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Title: Use of diatoms for evaluating ecological status in UK freshwaters
Author: M.G. Kelly
Author: S. Juggins
Author: H. Bennion
Author: A. Burgess
Author: M. Yallop
Author: H. Hirst
Author: L. King
Author: B.J. Jamieson
Author: R. Guthrie
Author: B.. Rippey
Author: Environment Agency
Document Type: Monograph
Annotation: Environment Agency Project ID:EAPRJOUT_1424, Representation ID: 481, Object ID: 2579; Environment Agency Project ID:EAPRJOUT_1429, Representation ID: 485, Object ID: 2584; Environment Agency Project ID:EAPRJOUT_1527, Representation ID: 530, Object ID: 2665
Abstract:
This report describes the development and testing of a diatom-based tool to fulfil UK obligations to include phytobenthos in the assessment of ecological status of freshwaters. Separate tools have been developed for lakes and rivers, although they share many features, including a conceptual underpinning, in common. The new tool is based on the Trophic Diatom Index (TDI), a metric already in use with UK statutory agencies to monitor eutrophication in rivers. The conceptual framework for the model is based around a quantitative and qualitative 'visualisation' of the state of biofilms in UK rivers and lakes in the absence of anthropogenic pressures. This recognises that such biofilms are dynamic, with both composition and abundance of the taxa present changing over relatively short periods of time. The hydrological regime and grazing pressure, in particular, will influence the phytobenthos and, as a result, there is a considerable amount of within-site variability, particularly in flowing waters. Lakes were divided into three types, based on their alkalinity, and reference sites were established using a combination of palaeoecological techniques and expert judgement. A separate index - the Lake Trophic Diatom Index (LTDI) - was established via recalibration of the TDI and EQR values were calculated in the same manner as for rivers except that a separate reference LTDI value was defined for each lake type. Whereas the lake tool can be validated using a combination of spatial and palaeoecological studies, the river tool was developed using only contemporary spatial data. In order to establish that there have, in fact, been changes in diatom assemblages over time and that these are driven by nutrients, we removed diatoms from herbarium specimens of common aquatic macrophytes collected before 1930. In some cases, specimens were > 100 years old. Compared with the contemporary diatom flora, almost all the herbarium samples had assemblages that suggested much lower nutrient concentrations. Both tools have been tested extensively, and results of tests of the river tool on the Rivers Wye and Axe, and the lakes tool on the Lake District lakes are also reported.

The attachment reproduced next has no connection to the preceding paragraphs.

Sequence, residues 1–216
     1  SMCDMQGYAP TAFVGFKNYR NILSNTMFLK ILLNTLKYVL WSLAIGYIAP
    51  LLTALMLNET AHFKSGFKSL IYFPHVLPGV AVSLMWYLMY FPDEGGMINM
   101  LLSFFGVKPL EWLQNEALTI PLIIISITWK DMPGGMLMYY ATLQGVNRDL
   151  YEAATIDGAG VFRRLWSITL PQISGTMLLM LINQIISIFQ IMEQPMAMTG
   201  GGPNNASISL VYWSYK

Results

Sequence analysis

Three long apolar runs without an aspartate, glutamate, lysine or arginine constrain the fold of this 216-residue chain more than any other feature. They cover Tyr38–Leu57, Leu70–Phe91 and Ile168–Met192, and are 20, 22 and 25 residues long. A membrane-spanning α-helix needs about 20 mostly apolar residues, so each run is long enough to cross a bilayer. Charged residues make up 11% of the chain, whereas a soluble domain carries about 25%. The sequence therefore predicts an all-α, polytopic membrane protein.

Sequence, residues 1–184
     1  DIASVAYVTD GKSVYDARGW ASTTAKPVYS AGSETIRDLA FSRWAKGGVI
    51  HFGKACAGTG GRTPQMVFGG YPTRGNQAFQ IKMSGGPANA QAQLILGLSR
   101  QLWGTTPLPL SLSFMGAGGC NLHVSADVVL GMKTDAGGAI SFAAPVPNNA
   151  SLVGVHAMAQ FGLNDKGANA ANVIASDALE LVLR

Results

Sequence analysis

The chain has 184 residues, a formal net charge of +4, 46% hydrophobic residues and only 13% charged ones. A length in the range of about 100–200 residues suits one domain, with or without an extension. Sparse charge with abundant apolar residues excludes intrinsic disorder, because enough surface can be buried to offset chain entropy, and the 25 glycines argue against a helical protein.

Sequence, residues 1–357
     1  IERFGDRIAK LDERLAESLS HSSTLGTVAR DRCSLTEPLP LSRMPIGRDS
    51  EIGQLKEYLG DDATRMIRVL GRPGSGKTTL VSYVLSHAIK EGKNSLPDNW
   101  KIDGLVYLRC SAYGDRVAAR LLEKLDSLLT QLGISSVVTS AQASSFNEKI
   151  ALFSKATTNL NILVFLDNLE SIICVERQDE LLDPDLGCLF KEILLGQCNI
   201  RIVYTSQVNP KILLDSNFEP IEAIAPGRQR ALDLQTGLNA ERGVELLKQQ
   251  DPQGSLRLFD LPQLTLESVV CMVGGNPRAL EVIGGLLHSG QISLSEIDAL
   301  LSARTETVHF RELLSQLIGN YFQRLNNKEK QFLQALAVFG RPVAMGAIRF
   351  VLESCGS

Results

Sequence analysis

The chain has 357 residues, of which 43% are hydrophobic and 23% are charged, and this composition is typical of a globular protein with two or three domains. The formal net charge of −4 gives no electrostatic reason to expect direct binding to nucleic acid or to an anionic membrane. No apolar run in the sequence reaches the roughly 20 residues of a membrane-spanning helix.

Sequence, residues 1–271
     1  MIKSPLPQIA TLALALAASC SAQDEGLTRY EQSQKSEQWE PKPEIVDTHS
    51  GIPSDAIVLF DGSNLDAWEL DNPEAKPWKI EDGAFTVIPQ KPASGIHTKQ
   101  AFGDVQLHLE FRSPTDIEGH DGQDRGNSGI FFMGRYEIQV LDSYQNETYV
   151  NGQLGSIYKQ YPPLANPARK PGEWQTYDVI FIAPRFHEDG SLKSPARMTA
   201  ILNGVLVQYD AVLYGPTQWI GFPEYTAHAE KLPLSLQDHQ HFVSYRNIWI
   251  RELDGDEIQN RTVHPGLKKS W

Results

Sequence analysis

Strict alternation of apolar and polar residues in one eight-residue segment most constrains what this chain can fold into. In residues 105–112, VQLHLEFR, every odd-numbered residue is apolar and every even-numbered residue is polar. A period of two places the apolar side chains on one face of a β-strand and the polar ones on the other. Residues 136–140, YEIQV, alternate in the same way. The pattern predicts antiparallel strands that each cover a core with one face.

Publisher: Environment Agency
Subject Keywords: PhytobenthosWater Framework DirectiveDiatomsRiversFreshwater ecologyLakesWater qualitySampling
Taxonomic Keywords: Bacillariophyceae
Extent: 171
Permalink: http://www.environmentdata.org/archive/ealit:4720
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